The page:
Tuesday, March 18, 2008
Misys, the IT software group, is spinning off its healthcare division and merging it with smaller US rival Allscripts to create a more powerful player in the growing market for electronic medical records.
The complex deal, which will see Mike Lawrie, Misys chief executive, become executive chairman of the enlarged group, is being paid for via a share placing of 43m shares to raise £75m.
ValueAct Capital, the US hedge fund and largest shareholder in Misys, will underwrite the 175p a share placing and will enlarge its holding from 19.4 per cent to 25.8 per cent on completion of the deal.
Misys will contribute $330m in cash to the enlarged group and will own 54.5 per cent on a fully diluted basis. Allscripts’ existing shareholders will receive a $330m special dividend following the completion of the deal. The enlarged US group will retain a Nasdaq listing.
Misys will retain control of its banking, Treasury and capital markets division, which will retain its London listing.
The London listed shares of Misys surged more than 18 per cent or 25¾p in lunchtime trading to 167½p as investors noted the significant premium payed by ValueAct to increase its shareholding in the group.
“There is a huge opportunity to capitalise on the fundamental shift taking place in the high growth, ambulatory healthcare sector where innovative technology can improve the delivery of care,” Mr Lawrie said in a statement to announce the deal.
“Combining our businesses will create a company better able to take advantage of this opportunity and to maximise value for both sets of shareholders.”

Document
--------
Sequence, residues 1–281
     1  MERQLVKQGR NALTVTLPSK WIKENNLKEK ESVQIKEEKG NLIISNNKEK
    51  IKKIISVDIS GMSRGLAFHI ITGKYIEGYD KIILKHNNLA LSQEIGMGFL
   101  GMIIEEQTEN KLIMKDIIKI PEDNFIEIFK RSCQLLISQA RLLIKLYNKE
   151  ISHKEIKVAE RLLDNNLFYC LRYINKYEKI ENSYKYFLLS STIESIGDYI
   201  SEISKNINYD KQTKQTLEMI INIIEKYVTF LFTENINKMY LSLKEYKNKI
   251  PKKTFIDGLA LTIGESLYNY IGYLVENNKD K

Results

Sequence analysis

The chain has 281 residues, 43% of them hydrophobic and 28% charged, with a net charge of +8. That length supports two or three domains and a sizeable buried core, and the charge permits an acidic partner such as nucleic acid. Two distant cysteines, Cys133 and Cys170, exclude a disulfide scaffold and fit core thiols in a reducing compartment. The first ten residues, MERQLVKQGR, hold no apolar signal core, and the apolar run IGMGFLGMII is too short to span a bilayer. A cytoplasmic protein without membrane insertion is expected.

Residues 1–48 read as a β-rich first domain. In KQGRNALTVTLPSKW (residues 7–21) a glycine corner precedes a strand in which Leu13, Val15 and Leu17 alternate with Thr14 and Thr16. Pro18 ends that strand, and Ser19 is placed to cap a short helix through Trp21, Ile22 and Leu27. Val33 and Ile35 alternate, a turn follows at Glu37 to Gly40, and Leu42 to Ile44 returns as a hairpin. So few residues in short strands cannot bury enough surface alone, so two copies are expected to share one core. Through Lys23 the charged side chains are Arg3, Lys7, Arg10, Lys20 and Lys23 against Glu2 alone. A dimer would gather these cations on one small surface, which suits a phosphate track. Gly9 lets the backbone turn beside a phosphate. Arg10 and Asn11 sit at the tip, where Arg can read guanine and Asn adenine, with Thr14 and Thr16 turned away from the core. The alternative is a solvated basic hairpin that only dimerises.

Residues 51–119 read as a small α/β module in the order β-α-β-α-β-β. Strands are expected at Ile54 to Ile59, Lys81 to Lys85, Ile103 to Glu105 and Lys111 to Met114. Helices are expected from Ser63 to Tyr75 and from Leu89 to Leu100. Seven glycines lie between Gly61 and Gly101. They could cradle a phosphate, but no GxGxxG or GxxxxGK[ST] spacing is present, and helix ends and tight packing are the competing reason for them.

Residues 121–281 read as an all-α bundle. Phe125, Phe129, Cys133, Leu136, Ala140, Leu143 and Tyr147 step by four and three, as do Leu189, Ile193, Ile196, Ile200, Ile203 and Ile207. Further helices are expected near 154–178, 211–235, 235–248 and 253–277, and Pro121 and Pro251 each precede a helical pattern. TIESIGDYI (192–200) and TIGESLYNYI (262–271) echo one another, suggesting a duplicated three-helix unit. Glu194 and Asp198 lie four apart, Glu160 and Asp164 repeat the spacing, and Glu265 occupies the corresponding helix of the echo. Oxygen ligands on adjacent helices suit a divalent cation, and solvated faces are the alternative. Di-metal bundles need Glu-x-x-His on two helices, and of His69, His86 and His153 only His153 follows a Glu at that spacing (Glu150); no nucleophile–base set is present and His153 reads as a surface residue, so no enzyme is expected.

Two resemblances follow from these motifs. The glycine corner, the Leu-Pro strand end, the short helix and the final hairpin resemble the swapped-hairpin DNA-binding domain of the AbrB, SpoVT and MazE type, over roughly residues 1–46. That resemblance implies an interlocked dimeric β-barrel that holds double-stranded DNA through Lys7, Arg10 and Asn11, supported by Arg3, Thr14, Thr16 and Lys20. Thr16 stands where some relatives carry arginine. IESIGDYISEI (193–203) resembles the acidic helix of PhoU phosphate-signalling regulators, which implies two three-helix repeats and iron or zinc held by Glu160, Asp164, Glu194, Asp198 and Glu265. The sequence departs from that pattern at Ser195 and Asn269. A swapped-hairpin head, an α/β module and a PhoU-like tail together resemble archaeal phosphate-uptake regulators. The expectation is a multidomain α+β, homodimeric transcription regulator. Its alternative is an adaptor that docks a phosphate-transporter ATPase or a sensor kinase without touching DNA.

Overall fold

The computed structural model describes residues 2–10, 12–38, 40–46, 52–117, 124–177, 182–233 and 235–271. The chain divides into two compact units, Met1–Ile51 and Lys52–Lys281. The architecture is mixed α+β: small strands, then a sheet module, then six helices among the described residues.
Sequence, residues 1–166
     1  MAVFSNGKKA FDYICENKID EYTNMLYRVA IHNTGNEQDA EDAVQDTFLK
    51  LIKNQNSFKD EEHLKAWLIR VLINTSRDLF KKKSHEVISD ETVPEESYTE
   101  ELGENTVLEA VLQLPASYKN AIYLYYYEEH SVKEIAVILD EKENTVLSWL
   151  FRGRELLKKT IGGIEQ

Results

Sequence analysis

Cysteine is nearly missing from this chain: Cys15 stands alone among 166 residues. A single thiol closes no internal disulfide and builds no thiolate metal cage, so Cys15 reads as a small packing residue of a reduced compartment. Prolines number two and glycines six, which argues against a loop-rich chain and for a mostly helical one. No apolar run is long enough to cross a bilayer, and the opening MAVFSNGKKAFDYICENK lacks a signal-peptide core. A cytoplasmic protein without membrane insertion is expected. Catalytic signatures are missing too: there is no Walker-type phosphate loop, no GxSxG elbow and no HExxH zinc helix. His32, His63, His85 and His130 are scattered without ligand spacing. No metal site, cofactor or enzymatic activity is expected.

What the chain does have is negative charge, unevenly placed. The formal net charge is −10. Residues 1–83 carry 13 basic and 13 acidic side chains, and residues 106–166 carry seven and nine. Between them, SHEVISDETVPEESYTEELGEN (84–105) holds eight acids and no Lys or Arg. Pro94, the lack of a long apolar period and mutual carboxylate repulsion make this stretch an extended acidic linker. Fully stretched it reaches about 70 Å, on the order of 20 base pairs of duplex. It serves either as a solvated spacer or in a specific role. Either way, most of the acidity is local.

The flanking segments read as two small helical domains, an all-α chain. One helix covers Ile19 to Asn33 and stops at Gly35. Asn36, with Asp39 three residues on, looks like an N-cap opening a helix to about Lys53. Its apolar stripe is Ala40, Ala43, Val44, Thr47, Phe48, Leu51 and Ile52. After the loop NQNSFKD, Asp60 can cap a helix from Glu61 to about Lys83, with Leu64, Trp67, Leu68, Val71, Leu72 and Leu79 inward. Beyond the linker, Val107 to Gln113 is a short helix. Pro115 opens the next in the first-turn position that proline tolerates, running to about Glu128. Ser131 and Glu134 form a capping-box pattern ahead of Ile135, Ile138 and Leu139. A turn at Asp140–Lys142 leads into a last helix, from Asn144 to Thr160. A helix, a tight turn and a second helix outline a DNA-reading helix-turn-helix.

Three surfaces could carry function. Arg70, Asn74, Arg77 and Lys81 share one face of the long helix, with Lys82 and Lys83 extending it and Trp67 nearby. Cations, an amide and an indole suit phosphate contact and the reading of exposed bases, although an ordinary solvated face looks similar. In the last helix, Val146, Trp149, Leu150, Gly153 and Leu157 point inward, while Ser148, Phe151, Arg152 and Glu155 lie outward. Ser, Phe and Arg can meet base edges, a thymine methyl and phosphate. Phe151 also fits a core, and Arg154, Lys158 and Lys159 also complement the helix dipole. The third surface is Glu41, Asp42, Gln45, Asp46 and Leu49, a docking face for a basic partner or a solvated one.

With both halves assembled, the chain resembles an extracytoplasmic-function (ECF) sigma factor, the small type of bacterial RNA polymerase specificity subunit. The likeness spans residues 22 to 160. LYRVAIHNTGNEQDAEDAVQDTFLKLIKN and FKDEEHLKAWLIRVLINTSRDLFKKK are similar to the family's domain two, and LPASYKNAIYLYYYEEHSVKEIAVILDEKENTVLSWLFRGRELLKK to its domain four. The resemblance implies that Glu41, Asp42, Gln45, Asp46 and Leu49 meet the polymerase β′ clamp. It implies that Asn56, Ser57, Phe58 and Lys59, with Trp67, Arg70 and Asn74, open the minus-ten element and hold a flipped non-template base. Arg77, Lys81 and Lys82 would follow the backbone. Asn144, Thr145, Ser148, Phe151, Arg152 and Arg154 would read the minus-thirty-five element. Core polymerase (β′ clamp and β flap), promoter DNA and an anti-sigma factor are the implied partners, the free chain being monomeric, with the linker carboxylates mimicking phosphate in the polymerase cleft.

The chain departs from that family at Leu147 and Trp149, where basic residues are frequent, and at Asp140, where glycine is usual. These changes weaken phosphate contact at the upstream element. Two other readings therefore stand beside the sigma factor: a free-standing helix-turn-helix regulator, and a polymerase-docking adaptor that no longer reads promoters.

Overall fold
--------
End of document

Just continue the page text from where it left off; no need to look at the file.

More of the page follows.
Glen Tullman, chief executive of Allscripts, said the clinical software sector was growing rapidly. “Merging two of the leading businesses within this sector will create a comprehensive platform of products and services that can better serve a wider range of customers and will capitalise on this opportunity.”
Both groups said the enlarged company would provide a range of software services to the healthcare industry in the US. The merger will create savings of $25m to $30m within three years.
The number of physicians using electronic health records in the US is growing. The federal government is expected to encourage its development and the market as a whole is expected to grow to about $5bn by 2015.
Allscripts is headquartered in Chicago and distributes medications to 40,000 physicians in the US and more than 700 hospitals.
Misys said as well as the share placing it had agreed a new $305m debt financing package to complete the deal, which is expected to increase earnings after its first full year.
The group said trading at its other divisions was ahead of expectations and it expected revenue for this year to be between £479m and £488m compared with £469.7m last year.